“We were in Safari Rally and we had to drink a lot of fluid and Colin needed a pee and was bursting, so he gave up and just had a pee in the car.
“I ended up having to drive the car with my left hand on the steering wheel and him peeing in amongst the floor – but we were quickest by three-and-a-half minutes in that section and we went on to win our first Safari Rally.”
Co-driver and friend Nicky Grist remembers Colin McRae, who on 22 November 1995 became the first British driver to win the World Rally Championship (WRC) title, and at the time was the sport’s youngest ever champion at 27 years old.
He is only one of two British drivers to win the series, with Richard Burns clinching the title 2001.
And now another British driver looks to be on the cusp of emulating McRae and Burns in rallying.
Elfyn Evans, 31, leads the 2020 standings with one round remaining. The Welshman has a 14-point advantage over multiple world champion and team-mate Sebastien Ogier.
Twenty five years on from that historic title-winning moment, BBC Sport looks back at McRae’s remarkable legacy.
‘Fearless adrenaline junkie’
He became known for his flamboyant, crazy and fearless driving style and his motto ‘if in doubt, flat out’ made him a fan favourite.
Tragically, in September 2007 McRae was killed after the helicopter he was piloting crashed near his home in Lanark, Scotland.
He was 39 and died alongside his five-year-old son Johnny and two family friends – 11 months after his final WRC appearance. The Scottish driver’s memory lives on and flags emblazoned with his name are still seen on the side of many rally stages at events across the world.
McRae was an adrenaline junkie and this was evident to see when he first made it on to the world stage at the Swedish Rally in 1987 in a Vauxhall Nova. He was known for his daredevil pace but also his spectacular crashes. For example, in 2001 at Rally GB he crashed at 93mph, his Ford Focus rolling four times at the Rhondda stage in South Wales.
‘He would be going sideways into corners’
Grist was McRae’s full time co-driver between 1997 and 2002 and, after that partnership ended, they came together for one-off events, like Wales Rally GB in 2005 and the X-Games in 2006.
Between them they won 17 WRC races – most of them in the iconic blue and yellow Subaru Impreza. Grist, 59, says racing alongside McRae was always unpredictable and exciting.
“That whole car was developed around Colin – it was an extension of himself and he made it dance. From the passenger seat it was great to experience it,” said Grist.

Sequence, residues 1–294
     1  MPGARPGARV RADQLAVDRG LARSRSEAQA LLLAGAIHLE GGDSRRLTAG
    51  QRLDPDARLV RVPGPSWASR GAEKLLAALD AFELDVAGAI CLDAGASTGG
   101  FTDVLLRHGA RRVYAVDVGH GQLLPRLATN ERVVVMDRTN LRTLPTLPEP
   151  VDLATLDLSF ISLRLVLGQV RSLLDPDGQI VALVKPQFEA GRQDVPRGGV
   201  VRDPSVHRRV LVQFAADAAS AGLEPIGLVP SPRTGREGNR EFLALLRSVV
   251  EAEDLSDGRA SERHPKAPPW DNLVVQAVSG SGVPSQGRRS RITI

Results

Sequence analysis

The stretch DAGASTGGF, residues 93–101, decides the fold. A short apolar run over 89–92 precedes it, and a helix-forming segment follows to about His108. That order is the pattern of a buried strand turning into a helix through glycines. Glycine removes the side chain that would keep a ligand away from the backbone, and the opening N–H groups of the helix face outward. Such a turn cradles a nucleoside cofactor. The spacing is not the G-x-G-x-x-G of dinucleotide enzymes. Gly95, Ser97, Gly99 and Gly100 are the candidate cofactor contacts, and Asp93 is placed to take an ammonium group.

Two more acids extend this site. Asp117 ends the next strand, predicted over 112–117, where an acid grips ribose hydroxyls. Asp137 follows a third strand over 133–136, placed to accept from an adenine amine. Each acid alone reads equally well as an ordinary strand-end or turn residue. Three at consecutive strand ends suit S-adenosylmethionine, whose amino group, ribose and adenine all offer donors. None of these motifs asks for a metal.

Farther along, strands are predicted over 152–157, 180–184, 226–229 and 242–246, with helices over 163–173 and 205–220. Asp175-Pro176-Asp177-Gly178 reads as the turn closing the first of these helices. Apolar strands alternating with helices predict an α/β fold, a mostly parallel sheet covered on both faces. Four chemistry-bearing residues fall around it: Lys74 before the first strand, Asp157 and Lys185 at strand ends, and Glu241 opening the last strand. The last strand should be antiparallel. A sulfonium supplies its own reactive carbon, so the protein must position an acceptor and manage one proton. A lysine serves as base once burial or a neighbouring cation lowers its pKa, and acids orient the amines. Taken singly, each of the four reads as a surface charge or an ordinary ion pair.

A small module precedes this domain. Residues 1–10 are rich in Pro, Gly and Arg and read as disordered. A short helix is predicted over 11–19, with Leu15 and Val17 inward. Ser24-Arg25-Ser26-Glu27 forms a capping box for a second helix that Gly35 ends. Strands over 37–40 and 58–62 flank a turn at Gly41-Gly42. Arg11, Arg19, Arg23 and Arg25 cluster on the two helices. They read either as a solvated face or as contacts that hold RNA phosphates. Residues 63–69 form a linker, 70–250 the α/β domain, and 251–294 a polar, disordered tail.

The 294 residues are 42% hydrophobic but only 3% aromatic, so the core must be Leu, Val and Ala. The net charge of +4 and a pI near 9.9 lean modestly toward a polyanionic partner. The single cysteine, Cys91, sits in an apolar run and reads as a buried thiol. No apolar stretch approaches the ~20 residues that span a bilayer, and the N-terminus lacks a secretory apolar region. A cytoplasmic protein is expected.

“He had a very flamboyant driving style – he was very sideways. If there was a jump he would be the highest and the furthest and the fans would love it because he was so spectacular. We lived the dream.”
Do or die attitude – you never knew if you were going to win or crash
McRae or McCrash, as he was also known, threw his car around a rally stage. Spectators never knew if he would win or crash – and that made his fans love him more.
“Colin was the kind of guy who would push, push and push. And it was all about being the quickest, and it was that do-or-die attitude that people loved. He would still be giving it his all when there was no hope left, but instead of accepting second best he always had to go and get the ultimate goal of winning,” said Grist.
McRae’s love of motorsport started at the age of seven, when he discovered off-road motorbikes and then swapped two wheels for four. He was inspired by his father, Jimmy, 77, who was a five-time British Rally Champion.
McRae, like his father before him, dominated the British Rally Championship and won titles in 1991 and 1992. His first full season in the WRC came in 1993, and his first victory on the world stage happened at Rally New Zealand that same year.
He won a total of 25 World Championship races, but the highlight was winning the World Rally Championship title, alongside co-driver, Derek Ringer.
The 1995 season was heightened by an intense rivalry with his Spanish team-mate, Carlos Sainz. Team orders at the penultimate round in Spain meant tensions were extremely high, and when they got to the last round in the UK the pair were on equal points – winner takes all.
McRae needed to beat Sainz in order to be crowned champion and even two punctures did not stop him from achieving his dream. His father, Jimmy, was at the final stage at Clocaenog in Wales.
“I was at the end of the last stage biting my finger nails and my wife and the whole family were there, it was such a relief to see him coming down the last hundred yards of the stage and we knew that he won the rally and I was in tears,” said Jimmy McRae.
McRae was runner up in the WRC in 1996 and 1997, and in 1999 he joined Ford. He stayed with the British team for three years and during that time racked up another nine WRC race victories. His last full season in the top flight came in 2003 – his best finish was second at the Monte Carlo Rally with Citroen.